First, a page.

Google's Good Deal for Libraries
In his May 19 op-ed, "A Book Grab by Google," Brewster Kahle said that a court settlement involving Google, if approved, "would produce not one but two court-sanctioned monopolies. Google will have permission to bring under its sole control information that has been accessible through public institutions for centuries. In essence, Google will be privatizing our libraries."
As the steward of one of those libraries, a library that has had some 3 million of its works digitized by Google, let me assure readers that Google will not have a monopoly on the information that we hold. We retain the original copies, we have our own copy of the digital scans and we are free to scan the works again.
The Google settlement provides a mechanism whereby the print works of the 20th century will be searchable, findable, readable and generally usable online, with large parts of the text readable online for free. All of this is of tremendous public and scholarly value, and no one other than Google has shown any willingness to make the investment necessary to get the job done. Meanwhile, Michigan's publicly owned library and others will keep print and digital copies safely in not-for-profit hands.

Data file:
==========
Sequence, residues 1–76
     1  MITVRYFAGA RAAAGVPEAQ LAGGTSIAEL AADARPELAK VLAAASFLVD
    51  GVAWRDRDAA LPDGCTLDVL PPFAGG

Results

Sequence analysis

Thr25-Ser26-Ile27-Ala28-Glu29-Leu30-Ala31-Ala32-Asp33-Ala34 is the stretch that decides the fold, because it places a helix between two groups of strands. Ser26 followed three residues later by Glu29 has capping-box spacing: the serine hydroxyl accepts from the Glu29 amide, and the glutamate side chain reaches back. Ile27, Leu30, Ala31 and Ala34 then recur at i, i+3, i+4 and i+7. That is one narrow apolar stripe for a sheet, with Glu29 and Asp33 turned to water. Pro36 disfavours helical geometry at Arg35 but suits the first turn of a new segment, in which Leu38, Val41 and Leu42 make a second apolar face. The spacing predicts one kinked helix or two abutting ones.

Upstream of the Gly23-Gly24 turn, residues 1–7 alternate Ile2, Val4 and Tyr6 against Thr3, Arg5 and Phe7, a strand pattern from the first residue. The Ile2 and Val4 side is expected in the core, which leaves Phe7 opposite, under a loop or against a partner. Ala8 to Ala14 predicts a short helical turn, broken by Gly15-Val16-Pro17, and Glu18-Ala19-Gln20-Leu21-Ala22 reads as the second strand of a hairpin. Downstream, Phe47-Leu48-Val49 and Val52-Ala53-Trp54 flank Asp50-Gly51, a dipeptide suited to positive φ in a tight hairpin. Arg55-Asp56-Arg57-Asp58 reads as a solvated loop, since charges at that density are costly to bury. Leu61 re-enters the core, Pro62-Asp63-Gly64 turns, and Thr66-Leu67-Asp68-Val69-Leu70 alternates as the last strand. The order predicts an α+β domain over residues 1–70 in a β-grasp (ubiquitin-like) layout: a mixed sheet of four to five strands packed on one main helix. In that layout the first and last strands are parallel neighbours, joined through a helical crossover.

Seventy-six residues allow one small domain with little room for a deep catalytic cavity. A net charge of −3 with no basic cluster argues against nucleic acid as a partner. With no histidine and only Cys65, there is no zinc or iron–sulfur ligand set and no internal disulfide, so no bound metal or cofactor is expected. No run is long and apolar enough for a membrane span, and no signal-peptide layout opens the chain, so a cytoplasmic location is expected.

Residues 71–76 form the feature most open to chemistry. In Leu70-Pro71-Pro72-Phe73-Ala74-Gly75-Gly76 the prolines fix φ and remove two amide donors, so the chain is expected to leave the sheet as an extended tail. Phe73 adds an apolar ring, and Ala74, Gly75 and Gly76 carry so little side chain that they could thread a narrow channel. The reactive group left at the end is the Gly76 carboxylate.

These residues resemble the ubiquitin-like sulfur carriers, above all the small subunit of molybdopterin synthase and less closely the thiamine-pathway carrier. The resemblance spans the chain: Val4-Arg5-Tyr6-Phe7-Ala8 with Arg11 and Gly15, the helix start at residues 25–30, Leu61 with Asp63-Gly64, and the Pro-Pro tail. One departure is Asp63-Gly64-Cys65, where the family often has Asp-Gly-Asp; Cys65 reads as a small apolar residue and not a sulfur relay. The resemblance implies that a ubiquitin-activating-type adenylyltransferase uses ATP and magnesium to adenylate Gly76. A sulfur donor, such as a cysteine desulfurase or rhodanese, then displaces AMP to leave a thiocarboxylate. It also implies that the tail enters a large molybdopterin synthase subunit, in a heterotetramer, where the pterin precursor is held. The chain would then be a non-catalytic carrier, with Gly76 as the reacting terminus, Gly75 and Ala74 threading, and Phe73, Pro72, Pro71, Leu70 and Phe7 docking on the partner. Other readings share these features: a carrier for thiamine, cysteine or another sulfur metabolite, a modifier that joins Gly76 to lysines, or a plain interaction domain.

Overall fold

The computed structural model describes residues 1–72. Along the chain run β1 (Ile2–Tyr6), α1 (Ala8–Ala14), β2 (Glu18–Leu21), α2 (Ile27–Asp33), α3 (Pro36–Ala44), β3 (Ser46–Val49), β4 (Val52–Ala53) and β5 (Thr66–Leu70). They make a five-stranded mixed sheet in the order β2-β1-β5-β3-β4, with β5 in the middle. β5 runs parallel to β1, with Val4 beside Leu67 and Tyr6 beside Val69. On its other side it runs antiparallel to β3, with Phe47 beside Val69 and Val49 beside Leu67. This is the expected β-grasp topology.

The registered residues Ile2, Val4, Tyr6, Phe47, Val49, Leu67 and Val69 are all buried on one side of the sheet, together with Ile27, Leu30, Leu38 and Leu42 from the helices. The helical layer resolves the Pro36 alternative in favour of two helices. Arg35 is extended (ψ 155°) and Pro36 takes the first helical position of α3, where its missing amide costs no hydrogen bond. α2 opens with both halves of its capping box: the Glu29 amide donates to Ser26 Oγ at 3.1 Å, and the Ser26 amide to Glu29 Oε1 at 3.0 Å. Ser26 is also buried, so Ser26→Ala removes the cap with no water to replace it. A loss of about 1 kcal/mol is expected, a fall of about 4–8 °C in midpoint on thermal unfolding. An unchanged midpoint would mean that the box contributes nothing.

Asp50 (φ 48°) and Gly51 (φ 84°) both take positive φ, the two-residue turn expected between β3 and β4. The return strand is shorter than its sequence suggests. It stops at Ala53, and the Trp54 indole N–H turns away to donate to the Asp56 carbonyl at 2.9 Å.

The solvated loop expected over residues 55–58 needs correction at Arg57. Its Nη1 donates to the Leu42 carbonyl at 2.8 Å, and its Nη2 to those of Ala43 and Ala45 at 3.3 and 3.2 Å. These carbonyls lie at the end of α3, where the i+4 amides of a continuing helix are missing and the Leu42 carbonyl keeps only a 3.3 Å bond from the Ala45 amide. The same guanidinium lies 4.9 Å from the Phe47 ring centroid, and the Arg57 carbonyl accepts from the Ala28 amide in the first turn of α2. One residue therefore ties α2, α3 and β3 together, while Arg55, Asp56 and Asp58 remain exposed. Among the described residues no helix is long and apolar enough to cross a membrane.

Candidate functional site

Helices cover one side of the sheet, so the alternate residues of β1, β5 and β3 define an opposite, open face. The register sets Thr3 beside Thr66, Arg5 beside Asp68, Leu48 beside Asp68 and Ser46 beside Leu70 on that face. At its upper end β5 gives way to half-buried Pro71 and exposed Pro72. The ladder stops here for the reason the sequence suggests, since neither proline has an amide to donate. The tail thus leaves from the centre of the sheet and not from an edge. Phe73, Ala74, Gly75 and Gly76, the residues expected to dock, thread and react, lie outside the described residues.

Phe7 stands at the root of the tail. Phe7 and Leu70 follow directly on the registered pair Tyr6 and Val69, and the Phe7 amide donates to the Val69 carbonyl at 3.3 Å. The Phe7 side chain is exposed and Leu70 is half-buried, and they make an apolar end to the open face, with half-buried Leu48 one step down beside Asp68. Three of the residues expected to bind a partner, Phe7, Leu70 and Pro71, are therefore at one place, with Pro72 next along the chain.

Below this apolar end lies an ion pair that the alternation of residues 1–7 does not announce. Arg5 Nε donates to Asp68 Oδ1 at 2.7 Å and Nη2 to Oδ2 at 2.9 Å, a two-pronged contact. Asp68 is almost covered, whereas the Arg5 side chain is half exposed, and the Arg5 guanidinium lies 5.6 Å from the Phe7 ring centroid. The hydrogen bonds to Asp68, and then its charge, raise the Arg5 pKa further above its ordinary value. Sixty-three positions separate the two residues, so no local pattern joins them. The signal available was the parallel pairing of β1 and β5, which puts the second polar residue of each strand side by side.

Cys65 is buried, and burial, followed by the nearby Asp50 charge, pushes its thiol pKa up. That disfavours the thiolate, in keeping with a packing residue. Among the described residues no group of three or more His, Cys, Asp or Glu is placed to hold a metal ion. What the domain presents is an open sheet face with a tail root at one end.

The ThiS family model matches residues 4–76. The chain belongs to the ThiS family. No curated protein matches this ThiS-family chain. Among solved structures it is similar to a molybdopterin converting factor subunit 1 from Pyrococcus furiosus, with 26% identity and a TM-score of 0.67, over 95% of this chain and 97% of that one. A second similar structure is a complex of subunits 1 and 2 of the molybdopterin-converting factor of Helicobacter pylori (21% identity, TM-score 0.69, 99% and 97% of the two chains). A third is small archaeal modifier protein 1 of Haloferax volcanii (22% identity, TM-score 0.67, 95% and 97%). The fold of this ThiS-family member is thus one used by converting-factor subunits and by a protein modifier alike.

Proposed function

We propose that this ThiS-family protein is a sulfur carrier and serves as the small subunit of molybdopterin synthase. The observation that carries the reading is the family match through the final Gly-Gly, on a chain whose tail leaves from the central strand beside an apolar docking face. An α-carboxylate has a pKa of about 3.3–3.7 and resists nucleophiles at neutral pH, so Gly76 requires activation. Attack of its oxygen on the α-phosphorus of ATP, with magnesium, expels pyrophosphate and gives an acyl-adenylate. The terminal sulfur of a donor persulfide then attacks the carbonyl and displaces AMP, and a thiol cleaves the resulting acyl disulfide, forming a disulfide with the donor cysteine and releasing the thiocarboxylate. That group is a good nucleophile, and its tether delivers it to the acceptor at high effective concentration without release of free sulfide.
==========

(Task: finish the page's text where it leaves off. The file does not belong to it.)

PAUL N. COURANT
Ann Arbor, Mich.
The writer is university librarian and dean of libraries at the University of Michigan.